Developer(s)AT&T Bell Laboratories, Mike Parker, Richard Stallman, David MacKenzie, Microware, Jim Hall, JP Software, Microsoft
Initial releaseJune 1974; 49 years ago (1974-06)
Written inC
Operating systemUnix, Unix-like, Plan 9, Inferno, OS-9, FreeDOS, Windows, ReactOS, IBM i
LicenseFreeDOS: GPL-2.0-or-later
ReactOS: GPLv2
Plan 9: MIT License

In computing, tee is a command in command-line interpreters (shells) using standard streams which reads standard input and writes it to both standard output and one or more files, effectively duplicating its input.[1] It is primarily used in conjunction with pipes and filters. The command is named after the T-splitter used in plumbing.[2]


Example usage of tee: The output of ls -l is redirected to tee which copies them to the file file.txt and to the pager less. The name tee comes from this scheme - it looks like the capital letter T

The tee command is normally used to split the output of a program so that it can be both displayed and saved in a file. The command can be used to capture intermediate output before the data is altered by another command or program. The tee command reads standard input, then writes its content to standard output. It simultaneously copies the data into the specified file(s) or variables. The syntax differs depending on the command's implementation.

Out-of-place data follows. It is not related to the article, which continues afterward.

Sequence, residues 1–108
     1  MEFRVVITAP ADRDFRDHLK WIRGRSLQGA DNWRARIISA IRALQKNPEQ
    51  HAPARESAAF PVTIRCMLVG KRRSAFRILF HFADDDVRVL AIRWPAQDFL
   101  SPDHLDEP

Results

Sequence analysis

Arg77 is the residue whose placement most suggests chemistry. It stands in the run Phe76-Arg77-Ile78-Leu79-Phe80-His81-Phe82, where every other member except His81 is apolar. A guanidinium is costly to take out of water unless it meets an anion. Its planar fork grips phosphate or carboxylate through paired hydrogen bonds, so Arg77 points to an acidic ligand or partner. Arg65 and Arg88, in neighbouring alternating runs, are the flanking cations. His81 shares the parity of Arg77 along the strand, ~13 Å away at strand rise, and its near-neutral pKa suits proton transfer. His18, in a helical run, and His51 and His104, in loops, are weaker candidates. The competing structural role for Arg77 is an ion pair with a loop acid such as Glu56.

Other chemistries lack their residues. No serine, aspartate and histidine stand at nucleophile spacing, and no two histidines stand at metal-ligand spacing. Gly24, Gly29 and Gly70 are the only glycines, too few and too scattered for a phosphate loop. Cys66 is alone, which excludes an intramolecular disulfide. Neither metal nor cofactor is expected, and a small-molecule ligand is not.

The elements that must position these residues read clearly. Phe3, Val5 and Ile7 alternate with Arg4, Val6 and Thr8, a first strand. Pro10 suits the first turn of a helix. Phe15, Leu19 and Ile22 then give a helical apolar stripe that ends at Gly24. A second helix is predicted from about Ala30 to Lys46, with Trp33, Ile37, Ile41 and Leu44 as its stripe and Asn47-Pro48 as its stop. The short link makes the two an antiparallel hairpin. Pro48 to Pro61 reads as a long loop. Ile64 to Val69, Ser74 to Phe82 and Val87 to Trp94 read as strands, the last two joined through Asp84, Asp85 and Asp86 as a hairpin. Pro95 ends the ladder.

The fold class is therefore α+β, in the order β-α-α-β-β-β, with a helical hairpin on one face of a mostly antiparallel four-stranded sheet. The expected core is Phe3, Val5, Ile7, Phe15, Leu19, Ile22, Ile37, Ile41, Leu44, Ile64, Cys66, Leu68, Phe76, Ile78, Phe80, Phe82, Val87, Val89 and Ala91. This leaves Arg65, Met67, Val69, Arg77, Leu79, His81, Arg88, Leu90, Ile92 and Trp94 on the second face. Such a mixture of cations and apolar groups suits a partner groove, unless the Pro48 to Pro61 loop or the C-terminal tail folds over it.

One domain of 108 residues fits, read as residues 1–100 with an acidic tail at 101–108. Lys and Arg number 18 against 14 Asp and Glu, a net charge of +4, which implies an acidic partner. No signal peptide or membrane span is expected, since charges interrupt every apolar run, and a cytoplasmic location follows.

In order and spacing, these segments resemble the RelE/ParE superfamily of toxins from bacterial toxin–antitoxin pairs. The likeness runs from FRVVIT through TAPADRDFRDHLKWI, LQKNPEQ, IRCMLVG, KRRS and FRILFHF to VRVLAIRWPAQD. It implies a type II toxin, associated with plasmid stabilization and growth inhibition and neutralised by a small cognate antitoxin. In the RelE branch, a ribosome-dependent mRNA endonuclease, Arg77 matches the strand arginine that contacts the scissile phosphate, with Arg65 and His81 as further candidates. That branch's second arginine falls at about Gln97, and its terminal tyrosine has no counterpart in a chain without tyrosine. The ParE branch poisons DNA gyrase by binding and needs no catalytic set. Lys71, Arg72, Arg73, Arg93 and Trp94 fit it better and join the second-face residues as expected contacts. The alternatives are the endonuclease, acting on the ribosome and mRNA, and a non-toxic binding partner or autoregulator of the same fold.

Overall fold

The command is available for Unix and Unix-like operating systems, Microware OS-9,[3] DOS (e.g. 4DOS, FreeDOS), Microsoft Windows (e.g. 4NT, Windows PowerShell), and ReactOS.[4] The Linux tee command was written by Mike Parker, Richard Stallman, and David MacKenzie.[5] The command is available as a separate package for Microsoft Windows as part of the UnxUtils collection of native Win32 ports of common GNU Unix-like utilities.[6] The FreeDOS version was developed by Jim Hall and is licensed under the GPL.[7] The tee command has also been ported to the IBM i operating system.[8]

Additionally the sponge[9] command offers similar capabilities.

Unix and Unix-like

tee [ -a ] [ -i ] [ File ... ]



The command returns the following exit values (exit status):